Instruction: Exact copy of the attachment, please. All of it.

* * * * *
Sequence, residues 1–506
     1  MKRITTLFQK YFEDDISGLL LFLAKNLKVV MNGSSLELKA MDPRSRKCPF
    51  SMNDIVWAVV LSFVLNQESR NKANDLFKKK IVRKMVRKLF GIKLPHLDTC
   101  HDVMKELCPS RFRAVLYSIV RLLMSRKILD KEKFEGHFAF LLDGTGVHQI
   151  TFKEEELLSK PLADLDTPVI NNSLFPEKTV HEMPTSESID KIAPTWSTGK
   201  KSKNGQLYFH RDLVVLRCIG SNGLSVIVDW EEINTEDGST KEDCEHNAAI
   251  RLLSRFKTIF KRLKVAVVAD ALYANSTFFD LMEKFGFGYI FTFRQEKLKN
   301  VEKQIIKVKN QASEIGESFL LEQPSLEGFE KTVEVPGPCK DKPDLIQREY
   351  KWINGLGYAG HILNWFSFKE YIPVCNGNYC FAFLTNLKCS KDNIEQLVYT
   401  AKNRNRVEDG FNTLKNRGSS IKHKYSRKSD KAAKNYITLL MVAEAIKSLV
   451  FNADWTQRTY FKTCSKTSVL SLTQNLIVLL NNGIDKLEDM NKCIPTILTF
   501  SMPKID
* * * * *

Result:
Sequence, residues 1–506
     1  MKRITTLFQK YFEDDISGLL LFLAKNLKVV MNGSSLELKA MDPRSRKCPF
    51  SMNDIVWAVV LSFVLNQESR NKANDLFKKK IVRKMVRKLF GIKLPHLDTC
   101  HDVMKELCPS RFRAVLYSIV RLLMSRKILD KEKFEGHFAF LLDGTGVHQI
   151  TFKEEELLSK PLADLDTPVI NNSLFPEKTV HEMPTSESID KIAPTWSTGK
   201  KSKNGQLYFH RDLVVLRCIG SNGLSVIVDW EEINTEDGST KEDCEHNAAI
   251  RLLSRFKTIF KRLKVAVVAD ALYANSTFFD LMEKFGFGYI FTFRQEKLKN
   301  VEKQIIKVKN QASEIGESFL LEQPSLEGFE KTVEVPGPCK DKPDLIQREY
   351  KWINGLGYAG HILNWFSFKE YIPVCNGNYC FAFLTNLKCS KDNIEQLVYT
   401  AKNRNRVEDG FNTLKNRGSS IKHKYSRKSD KAAKNYITLL MVAEAIKSLV
   451  FNADWTQRTY FKTCSKTSVL SLTQNLIVLL NNGIDKLEDM NKCIPTILTF
   501  SMPKID